4                                                       L. Van Waerbeke

affordable and of interest to a broad community, which            and space, it built strong computing facilities across the
also complements/resonate with/strengthen the science            country, and it is involved and/or leading international
enabled by TMT, SKA, ALMA, PLANCK and JWST.                      new projects dealing with increasingly complex observa-
   The last issue the community is facing is a significant        tional datasets. Yet, there is clear and present danger
lack of funding to attract high caliber postdocs; this prob-     that Canada will fall behind because we lack programs and
lem has become more dramatic after the cancelation of            mechanisms that would facilitate the recruiting of high cal-
the NSERC SRO program, which has not been replaced               iber postdoctoral fellows and build strong, world-class re-
by anything else. The issue cuts across the observa-             search groups at multiple sites across the country. This is
tional/computational/theoretical boundary and it affects          key if we are continue moving forward and build a strong,
every field, not just gravitational lensing. Our commu-           vibrant, national community that can successfully exploit
nity has access to top-class telescopes from the ground          its world-class resources and scientific prowess.

                                                         REFERENCES

Albrecht, A., et al., 2006, arXiv:astro-ph/0609591.              Mahdavi, A., et al., 2007, ApJ, 668, 806.
Babul, A., et al., 2002, MNRAS, 330, 329.                        Mahdavi, A., et al., 2008, MNRAS, 394, 1567.
Benjamin, J., et al., 2007, MNRAS, 381, 702.                     Massey, R., et al., 2007, MNRAS, 376, 13.
Bridle, S., et al., 2009, AnApS, 3, 6.                           McCarthy, I.G., et al., 2004, ApJ, 613, 811.
Carlberg, R., 2004, SPIE, 5382, 7.                               McCarthy, I.G., et al., 2008, MNRAS, 386, 1309.
Clowe, D., et al., 2006, ApJ, 648, L109.                         Merz, H. Pen, Ue-Li, 2005, New Ast., 10, 393.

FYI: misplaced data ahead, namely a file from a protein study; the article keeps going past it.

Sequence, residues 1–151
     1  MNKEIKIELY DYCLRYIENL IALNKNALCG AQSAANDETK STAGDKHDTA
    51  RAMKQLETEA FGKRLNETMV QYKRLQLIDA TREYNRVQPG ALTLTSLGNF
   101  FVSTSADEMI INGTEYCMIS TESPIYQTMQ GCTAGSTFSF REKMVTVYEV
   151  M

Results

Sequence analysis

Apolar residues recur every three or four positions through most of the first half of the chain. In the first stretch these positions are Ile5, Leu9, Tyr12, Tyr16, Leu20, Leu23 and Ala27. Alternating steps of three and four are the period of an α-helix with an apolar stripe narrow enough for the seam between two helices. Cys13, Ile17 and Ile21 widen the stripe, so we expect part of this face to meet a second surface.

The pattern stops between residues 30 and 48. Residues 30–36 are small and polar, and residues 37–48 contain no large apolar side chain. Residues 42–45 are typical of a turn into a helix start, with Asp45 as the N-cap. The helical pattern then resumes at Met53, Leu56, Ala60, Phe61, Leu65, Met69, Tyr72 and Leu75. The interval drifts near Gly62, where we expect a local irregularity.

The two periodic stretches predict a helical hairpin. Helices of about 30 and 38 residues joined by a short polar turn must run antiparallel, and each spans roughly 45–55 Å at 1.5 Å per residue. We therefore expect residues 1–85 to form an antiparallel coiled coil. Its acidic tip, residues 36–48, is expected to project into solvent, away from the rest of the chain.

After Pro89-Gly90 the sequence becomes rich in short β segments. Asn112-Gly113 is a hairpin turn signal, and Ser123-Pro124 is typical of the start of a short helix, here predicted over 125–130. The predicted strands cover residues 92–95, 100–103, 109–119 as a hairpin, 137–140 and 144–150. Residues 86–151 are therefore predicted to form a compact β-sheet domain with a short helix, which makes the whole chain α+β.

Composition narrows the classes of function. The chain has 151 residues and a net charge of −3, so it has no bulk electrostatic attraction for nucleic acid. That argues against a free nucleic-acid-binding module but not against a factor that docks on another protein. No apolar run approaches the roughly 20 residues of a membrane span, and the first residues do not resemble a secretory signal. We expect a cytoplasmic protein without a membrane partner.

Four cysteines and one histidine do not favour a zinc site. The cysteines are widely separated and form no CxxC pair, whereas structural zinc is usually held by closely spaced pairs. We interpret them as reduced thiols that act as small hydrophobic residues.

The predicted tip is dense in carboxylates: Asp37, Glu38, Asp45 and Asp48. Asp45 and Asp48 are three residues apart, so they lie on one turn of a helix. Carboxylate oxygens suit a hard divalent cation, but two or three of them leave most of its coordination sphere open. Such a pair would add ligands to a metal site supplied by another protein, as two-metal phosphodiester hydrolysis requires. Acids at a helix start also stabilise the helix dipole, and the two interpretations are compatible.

Dore, O., Lu, T., Pen, Ue-Li, 2009, arXiv:0905.0501.             Miller, L., et al., 2007, MNRAS, 382, 315.
Dubinski, J., Carlberg, R., 1991, ApJ, 378, 496.                 Muzzin, A., et al., 2009, ApJ, 698, 1934.
Euclid science book, 2010, arXiv:1001.0061.                      Paciga, G., Scott, D., Chapin, E., 2009, MNRAS, 395, 1153.
Forero-Romero, J., et al., 2007, MNRAS, 379, 1057.               Parker, L., et al., 2007, ApJ 669, 21.
Fu, L., et al., 2008, A& A, 479, 9.                              Peacock, J., et al., 2006, arXiv:astro-ph/0610906.
Gladders, M., Yee, H., 2000, AJ, 120, 2148.                      Pen Ue-Li, et al., 2010, LRP-WP.
Gray, M., et al., 2009, MNRAS, 393, 1275.                        Pen, Ue-Li, et al., 2003, ApJ, 592, 664.
Harnois-Deraps, J., et al., 2010, in prep.                       Powell, L., Kay, S., Babul, A., 2009, MNRAS, 400, 705.
Heymans, C., et al., 2006, MNRAS, 368, 1323.                     Schrabback, T., et al., 2010, arXiv:0911.0053.
Heymans, C., et al., 2006, MNRAS, 371, 750.                      Semboloni, E., et al., 2007, MNRAS, 375, L6.
Heymans, C., et al., 2008, MNRAS, 385, 991.                      Semboloni, E., et al., 2008, MNRAS, 388, 991.
Hildebrandt, H., Van Waerbeke, L., Erben, T., 2009, A& A, 507,   Simon, P., et al., 2008, A& A, 479, 655.
  683.                                                           Tian, L., Hoekstra, H,. Zhao, H., 2009, MNRAS, 393, 885.
Hoekstra, H., 2001, ApJ, 558, L11.                               Trac, H., Pen, Ue-Li, 2006, New Ast, 11, 273T.
Hoekstra, H., et al., 2002, ApJ, 577, 604.                       Vafaei, S., et al., 2010, APh, 32, 340.
Hoekstra, H., 2004, MNRAS, 347, 1337.                            Van Waerbeke, L., 1998, A& A, 334, 1.
Hoekstra, H., Yee, H., Gladders, M., 2004, ApJ, 606, 67.         Van Waerbeke, L., et al., 2000, A& A, 358, 30.
Hoekstra, H., et al. 2005, ApJ, 635, 73.                         Van Waerbeke, L., et al., 2001, A& A, 374, 757.
Hoekstra, H., 2007, MNRAS, 379, 317.                             Van Waerbeke, L., et al., 2002, A& A, 393, 369.
Kiyoshi, W., et al., 2009, arXiv:0911.3552.                      Van Waerbeke, L., et al., 2002, MNRAS, 322, 918.
Leauthaud, A., et al., 2010, ApJ, 709, 97.                       Van Waerbeke, L., Mellier, Y., Hoekstra, H., 2005, A& A, 429, 75.
Limousin, M., et al., 2009, A& A, 502, 445.                      White, M., Van Waerbeke, L., Mackey, J., 2002, ApJ, 575, 640.
LSST science book, 2009, arXiv:0912.0201.                        Yee, H., et al., 2010, LRP-WP.
Lu, T., et al., 2010, arXiv:0912.2356.                           Zhang, Tong-Jie, et al., 2003, ApJ, 598, 818.
Lu, T., Dore, O., Pen, Ue-Li, 2009, arXiv:0905.0499.             Zhang, Y., et al., 2010, ApJ, accepted.
Mahdavi, A., et al., 2007, ApJ, 664, 162.

                                           5. lensing related press releases
    • Cosmic shear (2000):
       http://www.cfht.hawaii.edu/News/Lensing/
    • COSMOS 3D weak lensing (2007):
       http://www.spacetelescope.org/news/html/heic0701.html
    • Cosmic ”Train Wreck” (2007):
       http://chandra.harvard.edu/press/07 releases/press 081607.html
    • Cosmic shear CFHTLS (2008):
       http://www.publicaffairs.ubc.ca/media/releases/2008/mr-08-019.html
    • Abell 901/902 highest resolution dark matter map (2008):
       http://hubblesite.org/newscenter/archive/releases/2008/03/image/b/